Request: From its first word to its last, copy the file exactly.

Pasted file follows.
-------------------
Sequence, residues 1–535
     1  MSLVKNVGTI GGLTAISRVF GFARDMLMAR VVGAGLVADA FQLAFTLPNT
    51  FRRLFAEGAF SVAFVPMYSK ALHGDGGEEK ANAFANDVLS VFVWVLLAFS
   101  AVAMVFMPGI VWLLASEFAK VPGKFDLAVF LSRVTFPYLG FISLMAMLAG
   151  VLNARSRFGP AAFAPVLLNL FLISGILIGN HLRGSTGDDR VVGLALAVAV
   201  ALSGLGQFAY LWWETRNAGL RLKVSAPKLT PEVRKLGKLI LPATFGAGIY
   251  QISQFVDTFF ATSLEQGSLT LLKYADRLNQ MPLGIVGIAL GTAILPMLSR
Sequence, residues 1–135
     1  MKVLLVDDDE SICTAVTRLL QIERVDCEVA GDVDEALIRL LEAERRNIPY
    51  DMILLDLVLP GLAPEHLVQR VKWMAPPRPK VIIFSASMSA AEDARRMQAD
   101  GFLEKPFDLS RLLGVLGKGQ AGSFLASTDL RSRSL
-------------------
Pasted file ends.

Sequence, residues 1–535
     1  MSLVKNVGTI GGLTAISRVF GFARDMLMAR VVGAGLVADA FQLAFTLPNT
    51  FRRLFAEGAF SVAFVPMYSK ALHGDGGEEK ANAFANDVLS VFVWVLLAFS
   101  AVAMVFMPGI VWLLASEFAK VPGKFDLAVF LSRVTFPYLG FISLMAMLAG
   151  VLNARSRFGP AAFAPVLLNL FLISGILIGN HLRGSTGDDR VVGLALAVAV
   201  ALSGLGQFAY LWWETRNAGL RLKVSAPKLT PEVRKLGKLI LPATFGAGIY
   251  QISQFVDTFF ATSLEQGSLT LLKYADRLNQ MPLGIVGIAL GTAILPMLSR
Sequence, residues 1–135
     1  MKVLLVDDDE SICTAVTRLL QIERVDCEVA GDVDEALIRL LEAERRNIPY
    51  DMILLDLVLP GLAPEHLVQR VKWMAPPRPK VIIFSASMSA AEDARRMQAD
   101  GFLEKPFDLS RLLGVLGKGQ AGSFLASTDL RSRSL